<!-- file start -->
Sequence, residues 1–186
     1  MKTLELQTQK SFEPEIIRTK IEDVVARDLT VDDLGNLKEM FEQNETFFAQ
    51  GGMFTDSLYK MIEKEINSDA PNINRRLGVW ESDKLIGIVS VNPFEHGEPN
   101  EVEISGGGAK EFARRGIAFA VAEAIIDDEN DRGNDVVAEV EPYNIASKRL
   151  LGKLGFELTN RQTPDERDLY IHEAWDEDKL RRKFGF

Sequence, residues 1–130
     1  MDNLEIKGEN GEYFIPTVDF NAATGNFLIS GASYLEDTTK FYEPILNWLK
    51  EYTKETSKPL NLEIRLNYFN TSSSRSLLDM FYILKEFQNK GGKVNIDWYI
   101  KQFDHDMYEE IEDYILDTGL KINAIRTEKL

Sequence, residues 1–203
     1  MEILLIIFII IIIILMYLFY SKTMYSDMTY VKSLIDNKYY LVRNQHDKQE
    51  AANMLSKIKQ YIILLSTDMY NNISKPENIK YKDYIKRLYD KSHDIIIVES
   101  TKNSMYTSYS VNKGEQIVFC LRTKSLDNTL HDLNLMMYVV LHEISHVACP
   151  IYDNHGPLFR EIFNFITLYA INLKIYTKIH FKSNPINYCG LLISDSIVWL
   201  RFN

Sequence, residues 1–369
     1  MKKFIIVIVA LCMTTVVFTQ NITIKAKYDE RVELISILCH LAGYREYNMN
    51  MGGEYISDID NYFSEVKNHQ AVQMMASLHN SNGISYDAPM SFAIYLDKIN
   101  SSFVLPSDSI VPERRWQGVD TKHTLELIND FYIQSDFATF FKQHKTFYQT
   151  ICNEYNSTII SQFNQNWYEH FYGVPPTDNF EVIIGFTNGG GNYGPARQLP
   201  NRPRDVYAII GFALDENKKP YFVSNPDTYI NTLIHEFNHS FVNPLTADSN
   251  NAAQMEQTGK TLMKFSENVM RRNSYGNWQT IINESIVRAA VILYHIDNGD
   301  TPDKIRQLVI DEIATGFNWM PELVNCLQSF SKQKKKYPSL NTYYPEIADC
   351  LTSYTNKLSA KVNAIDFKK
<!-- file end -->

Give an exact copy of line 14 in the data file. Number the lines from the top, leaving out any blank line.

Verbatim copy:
   151  IYDNHGPLFR EIFNFITLYA INLKIYTKIH FKSNPINYCG LLISDSIVWL